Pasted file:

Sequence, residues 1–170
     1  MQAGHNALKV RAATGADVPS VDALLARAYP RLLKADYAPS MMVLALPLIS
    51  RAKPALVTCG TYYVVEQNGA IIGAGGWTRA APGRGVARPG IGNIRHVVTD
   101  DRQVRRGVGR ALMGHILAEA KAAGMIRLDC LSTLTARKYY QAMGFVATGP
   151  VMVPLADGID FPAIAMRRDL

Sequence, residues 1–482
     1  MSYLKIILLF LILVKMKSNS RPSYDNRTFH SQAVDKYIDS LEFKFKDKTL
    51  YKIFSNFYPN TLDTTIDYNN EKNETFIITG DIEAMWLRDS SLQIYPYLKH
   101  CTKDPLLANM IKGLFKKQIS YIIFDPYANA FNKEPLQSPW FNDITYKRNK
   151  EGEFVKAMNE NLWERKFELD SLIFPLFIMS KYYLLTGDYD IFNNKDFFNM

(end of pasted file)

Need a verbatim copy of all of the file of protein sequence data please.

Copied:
Sequence, residues 1–170
     1  MQAGHNALKV RAATGADVPS VDALLARAYP RLLKADYAPS MMVLALPLIS
    51  RAKPALVTCG TYYVVEQNGA IIGAGGWTRA APGRGVARPG IGNIRHVVTD
   101  DRQVRRGVGR ALMGHILAEA KAAGMIRLDC LSTLTARKYY QAMGFVATGP
   151  VMVPLADGID FPAIAMRRDL

Sequence, residues 1–482
     1  MSYLKIILLF LILVKMKSNS RPSYDNRTFH SQAVDKYIDS LEFKFKDKTL
    51  YKIFSNFYPN TLDTTIDYNN EKNETFIITG DIEAMWLRDS SLQIYPYLKH
   101  CTKDPLLANM IKGLFKKQIS YIIFDPYANA FNKEPLQSPW FNDITYKRNK
   151  EGEFVKAMNE NLWERKFELD SLIFPLFIMS KYYLLTGDYD IFNNKDFFNM